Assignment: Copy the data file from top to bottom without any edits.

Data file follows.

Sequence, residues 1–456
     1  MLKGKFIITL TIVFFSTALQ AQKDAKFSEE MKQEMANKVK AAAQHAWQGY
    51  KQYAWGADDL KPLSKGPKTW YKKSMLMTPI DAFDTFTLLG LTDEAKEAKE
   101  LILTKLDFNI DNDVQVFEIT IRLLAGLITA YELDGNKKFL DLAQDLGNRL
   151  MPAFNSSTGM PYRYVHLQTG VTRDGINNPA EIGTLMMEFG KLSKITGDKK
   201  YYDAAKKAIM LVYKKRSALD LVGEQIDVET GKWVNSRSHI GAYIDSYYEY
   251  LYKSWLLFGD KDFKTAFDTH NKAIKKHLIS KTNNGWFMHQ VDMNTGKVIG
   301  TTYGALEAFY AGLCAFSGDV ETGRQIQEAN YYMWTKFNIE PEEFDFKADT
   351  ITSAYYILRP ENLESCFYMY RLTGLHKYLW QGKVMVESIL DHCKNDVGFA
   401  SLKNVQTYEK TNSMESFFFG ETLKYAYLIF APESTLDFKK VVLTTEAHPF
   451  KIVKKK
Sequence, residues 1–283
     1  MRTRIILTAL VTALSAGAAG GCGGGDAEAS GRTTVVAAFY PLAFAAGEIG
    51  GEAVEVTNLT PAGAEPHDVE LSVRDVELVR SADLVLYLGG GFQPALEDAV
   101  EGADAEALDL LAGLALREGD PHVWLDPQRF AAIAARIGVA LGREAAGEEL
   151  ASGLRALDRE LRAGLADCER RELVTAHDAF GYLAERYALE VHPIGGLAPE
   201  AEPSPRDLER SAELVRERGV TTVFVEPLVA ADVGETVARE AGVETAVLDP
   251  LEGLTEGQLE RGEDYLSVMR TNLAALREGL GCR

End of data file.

Sequence, residues 1–456
     1  MLKGKFIITL TIVFFSTALQ AQKDAKFSEE MKQEMANKVK AAAQHAWQGY
    51  KQYAWGADDL KPLSKGPKTW YKKSMLMTPI DAFDTFTLLG LTDEAKEAKE
   101  LILTKLDFNI DNDVQVFEIT IRLLAGLITA YELDGNKKFL DLAQDLGNRL
   151  MPAFNSSTGM PYRYVHLQTG VTRDGINNPA EIGTLMMEFG KLSKITGDKK
   201  YYDAAKKAIM LVYKKRSALD LVGEQIDVET GKWVNSRSHI GAYIDSYYEY
   251  LYKSWLLFGD KDFKTAFDTH NKAIKKHLIS KTNNGWFMHQ VDMNTGKVIG
   301  TTYGALEAFY AGLCAFSGDV ETGRQIQEAN YYMWTKFNIE PEEFDFKADT
   351  ITSAYYILRP ENLESCFYMY RLTGLHKYLW QGKVMVESIL DHCKNDVGFA
   401  SLKNVQTYEK TNSMESFFFG ETLKYAYLIF APESTLDFKK VVLTTEAHPF
   451  KIVKKK
Sequence, residues 1–283
     1  MRTRIILTAL VTALSAGAAG GCGGGDAEAS GRTTVVAAFY PLAFAAGEIG
    51  GEAVEVTNLT PAGAEPHDVE LSVRDVELVR SADLVLYLGG GFQPALEDAV
   101  EGADAEALDL LAGLALREGD PHVWLDPQRF AAIAARIGVA LGREAAGEEL
   151  ASGLRALDRE LRAGLADCER RELVTAHDAF GYLAERYALE VHPIGGLAPE
   201  AEPSPRDLER SAELVRERGV TTVFVEPLVA ADVGETVARE AGVETAVLDP
   251  LEGLTEGQLE RGEDYLSVMR TNLAALREGL GCR